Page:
Elliptic curve cryptography

Howard Poston
March 8, 2021 by
Howard Poston

As its name suggests, elliptic curve cryptography (ECC) uses elliptic curves (like the one shown below) to build cryptographic algorithms.  Because of the features of elliptic curves, it is possible to duplicate classical integer-based public key crypto with ECC. 

Doing so also provides a few advantages compared to the integer-based asymmetric cryptography.

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Building encryption with elliptic curves

Public key cryptography is based on mathematically “hard” problems.  These are mathematical functions that are easy to perform but difficult to reverse.  The problems used in classical asymmetric cryptography are the discrete logarithm problem (exponents are easy, logarithms are hard) and the factoring problem (multiplication is easy, factoring is hard).

Elliptic curve cryptography is based on the fact that certain mathematical operations on elliptic curves are equivalent to mathematical functions on integers:

  • Adding two points on an elliptic curve is equivalent to multiplication
  • Multiplying two points on an elliptic curve is equivalent to exponentiation

These operations are the same operations used to build classical, integer-based asymmetric cryptography.  This means that it is possible to slightly tweak existing cryptographic algorithms to work with points on an elliptic curve.

For example, Diffie-Hellman is all about exponentiation.  Key exchange is based on the fact that (xa)b=(xb)a=xab.  Due to the fact that logarithms are “hard” (i.e. have complexity that is exponentially related to the length of the exponents), Diffie-Hellman users can publicly exchange xa and xb without fearing that an eavesdropper could learn the values of their private keys a and b.

With elliptic curve cryptography, xa becomes aX, where X is a point on the elliptic curve.  Since point division is equivalent to logarithms, it’s a “hard” problem, making it infeasible to learn a from aX.  Using this relationship, it is possible to build Diffie-Hellman using elliptic curves.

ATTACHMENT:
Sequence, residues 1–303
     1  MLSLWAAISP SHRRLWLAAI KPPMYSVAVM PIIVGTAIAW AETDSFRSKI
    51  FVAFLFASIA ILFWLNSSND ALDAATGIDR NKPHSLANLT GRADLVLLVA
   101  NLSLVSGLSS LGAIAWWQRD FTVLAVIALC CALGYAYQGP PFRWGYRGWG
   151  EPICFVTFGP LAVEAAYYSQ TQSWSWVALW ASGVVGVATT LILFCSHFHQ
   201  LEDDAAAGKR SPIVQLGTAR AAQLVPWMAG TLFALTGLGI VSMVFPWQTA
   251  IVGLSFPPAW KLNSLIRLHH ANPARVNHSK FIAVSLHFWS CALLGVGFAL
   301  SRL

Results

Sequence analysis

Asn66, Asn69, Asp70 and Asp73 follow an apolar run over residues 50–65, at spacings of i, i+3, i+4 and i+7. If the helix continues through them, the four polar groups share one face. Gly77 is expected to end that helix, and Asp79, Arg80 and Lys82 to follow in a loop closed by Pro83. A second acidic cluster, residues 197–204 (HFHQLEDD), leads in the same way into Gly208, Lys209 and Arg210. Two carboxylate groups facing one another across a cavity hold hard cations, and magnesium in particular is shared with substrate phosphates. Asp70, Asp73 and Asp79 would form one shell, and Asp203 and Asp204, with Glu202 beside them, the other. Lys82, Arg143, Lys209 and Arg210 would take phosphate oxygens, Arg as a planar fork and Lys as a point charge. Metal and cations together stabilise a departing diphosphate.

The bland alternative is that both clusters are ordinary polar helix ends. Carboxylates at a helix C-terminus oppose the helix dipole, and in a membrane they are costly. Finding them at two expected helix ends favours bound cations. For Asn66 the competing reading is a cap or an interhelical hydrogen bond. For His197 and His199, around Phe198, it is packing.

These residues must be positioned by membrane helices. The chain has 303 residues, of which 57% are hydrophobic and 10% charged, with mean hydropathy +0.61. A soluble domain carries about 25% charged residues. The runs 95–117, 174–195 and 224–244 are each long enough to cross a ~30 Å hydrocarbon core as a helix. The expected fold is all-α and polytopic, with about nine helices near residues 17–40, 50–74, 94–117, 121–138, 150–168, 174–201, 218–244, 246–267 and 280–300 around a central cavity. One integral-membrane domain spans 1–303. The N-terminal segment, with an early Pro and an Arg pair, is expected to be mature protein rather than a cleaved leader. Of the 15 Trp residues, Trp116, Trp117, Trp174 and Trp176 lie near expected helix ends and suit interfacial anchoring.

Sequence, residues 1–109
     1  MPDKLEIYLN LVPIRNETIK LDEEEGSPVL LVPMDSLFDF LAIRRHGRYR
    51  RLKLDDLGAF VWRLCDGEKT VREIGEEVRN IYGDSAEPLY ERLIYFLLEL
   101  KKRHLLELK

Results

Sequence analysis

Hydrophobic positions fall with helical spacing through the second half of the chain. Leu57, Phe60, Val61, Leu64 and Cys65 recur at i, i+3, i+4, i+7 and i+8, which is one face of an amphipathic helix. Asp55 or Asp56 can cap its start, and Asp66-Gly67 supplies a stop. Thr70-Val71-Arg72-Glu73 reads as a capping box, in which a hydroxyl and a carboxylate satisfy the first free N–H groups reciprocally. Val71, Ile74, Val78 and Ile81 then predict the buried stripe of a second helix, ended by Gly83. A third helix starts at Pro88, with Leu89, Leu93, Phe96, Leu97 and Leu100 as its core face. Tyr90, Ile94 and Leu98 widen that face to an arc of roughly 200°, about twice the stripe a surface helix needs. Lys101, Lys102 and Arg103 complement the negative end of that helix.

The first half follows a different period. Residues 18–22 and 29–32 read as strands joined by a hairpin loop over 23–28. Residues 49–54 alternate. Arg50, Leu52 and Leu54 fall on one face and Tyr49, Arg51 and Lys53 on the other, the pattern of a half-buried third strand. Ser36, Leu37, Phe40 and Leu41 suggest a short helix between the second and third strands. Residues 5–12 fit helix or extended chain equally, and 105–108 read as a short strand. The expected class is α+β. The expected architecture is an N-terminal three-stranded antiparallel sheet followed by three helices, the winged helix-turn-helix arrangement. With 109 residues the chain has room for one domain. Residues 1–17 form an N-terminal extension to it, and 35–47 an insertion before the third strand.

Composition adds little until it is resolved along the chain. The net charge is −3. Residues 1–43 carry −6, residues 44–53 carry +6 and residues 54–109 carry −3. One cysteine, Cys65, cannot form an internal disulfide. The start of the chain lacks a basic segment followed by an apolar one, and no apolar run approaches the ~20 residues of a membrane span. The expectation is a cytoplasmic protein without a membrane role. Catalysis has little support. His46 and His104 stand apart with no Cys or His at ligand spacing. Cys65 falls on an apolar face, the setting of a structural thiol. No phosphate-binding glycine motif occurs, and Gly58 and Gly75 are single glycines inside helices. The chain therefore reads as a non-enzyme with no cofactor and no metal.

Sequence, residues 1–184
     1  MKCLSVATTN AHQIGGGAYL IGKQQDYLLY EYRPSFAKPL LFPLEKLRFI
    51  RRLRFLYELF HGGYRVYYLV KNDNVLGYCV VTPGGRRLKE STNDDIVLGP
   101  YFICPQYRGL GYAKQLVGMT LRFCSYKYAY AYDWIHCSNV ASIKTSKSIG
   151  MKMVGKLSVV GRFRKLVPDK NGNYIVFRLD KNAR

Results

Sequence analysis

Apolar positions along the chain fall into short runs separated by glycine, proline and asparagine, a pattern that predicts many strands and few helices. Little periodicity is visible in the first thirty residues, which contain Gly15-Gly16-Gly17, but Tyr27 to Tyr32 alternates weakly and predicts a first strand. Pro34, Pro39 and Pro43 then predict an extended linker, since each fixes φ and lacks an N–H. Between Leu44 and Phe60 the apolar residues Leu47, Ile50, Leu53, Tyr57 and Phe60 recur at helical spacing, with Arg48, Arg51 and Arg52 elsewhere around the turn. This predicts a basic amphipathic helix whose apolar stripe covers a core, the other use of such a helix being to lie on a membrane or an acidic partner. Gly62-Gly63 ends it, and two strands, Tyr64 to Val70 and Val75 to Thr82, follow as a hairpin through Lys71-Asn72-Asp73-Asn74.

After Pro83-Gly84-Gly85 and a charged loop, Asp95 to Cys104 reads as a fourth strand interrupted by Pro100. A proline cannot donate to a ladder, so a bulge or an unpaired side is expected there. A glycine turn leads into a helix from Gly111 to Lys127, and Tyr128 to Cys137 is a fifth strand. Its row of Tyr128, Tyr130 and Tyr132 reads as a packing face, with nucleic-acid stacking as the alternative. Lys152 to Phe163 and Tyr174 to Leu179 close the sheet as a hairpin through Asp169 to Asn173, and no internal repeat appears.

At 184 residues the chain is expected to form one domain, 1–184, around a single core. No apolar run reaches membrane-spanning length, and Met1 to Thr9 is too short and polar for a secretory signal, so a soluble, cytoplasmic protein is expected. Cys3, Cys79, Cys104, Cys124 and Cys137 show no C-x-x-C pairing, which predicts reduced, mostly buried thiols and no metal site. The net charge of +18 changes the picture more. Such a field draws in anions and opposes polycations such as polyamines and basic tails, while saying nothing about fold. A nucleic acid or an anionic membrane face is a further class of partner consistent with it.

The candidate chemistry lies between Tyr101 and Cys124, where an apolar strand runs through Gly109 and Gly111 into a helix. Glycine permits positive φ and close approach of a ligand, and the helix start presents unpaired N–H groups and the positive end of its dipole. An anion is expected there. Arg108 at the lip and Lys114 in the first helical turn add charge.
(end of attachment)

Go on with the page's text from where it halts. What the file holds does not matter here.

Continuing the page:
Why use ECC?

ECC is based on the same “hard” problems as classical integer-based public key cryptography.  This means that ECC algorithms will also be breakable when quantum computing makes Shor’s Algorithm usable.

That said, ECC has a couple of advantages over integer-based public key cryptography.  The first of these is key length, as demonstrated in the table below.

This table compares the effective key strength of symmetric cryptography, integer-based public key cryptography, and ECC.  As shown, ECC requires much lower key lengths to achieve the same level of security as RSA and Diffie-Hellman.  While symmetric cryptography needs even shorter key lengths (and is more quantum resistant), it doesn’t have the same functionality as asymmetric cryptography.

This shorter key length makes ECC more efficient than its integer-based counterparts.  An ECC algorithm has lower memory and power requirements than other classical public-key cryptography, making it a better choice for resource-constrained devices like smartphones and Internet of Things (IoT) devices.

Using ECC securely

At the algorithm-level, ECC is as secure as RSA, Diffie-Hellman, and similar algorithms because it is based on the same “hard” problems.  Unless a non-quantum algorithm is found that efficiently solves the factoring or discrete logarithm problems, these algorithms are secure until large enough quantum computers are available.

Where ECC can be complex is curve selection.  A number of different elliptic curves exist, and some are more secure than others.  When implementing ECC, it is important to select a curve that is well-studied and that has no known weaknesses.

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ECC is an adaption of integer-based classical asymmetric cryptography.  Because it is more efficient in terms of key length and power consumption, it is a useful alternative to integer-based algorithms.


Howard Poston
Howard Poston

Howard Poston is a copywriter, author, and course developer with experience in cybersecurity and blockchain security, cryptography, and malware analysis. He has an MS in Cyber Operations, a decade of experience in cybersecurity, and over five years of experience as a freelance consultant providing training and content creation for cyber and blockchain security. He is also the creator of over a dozen cybersecurity courses, has authored two books, and has spoken at numerous cybersecurity conferences. He can be reached by email at or via his website at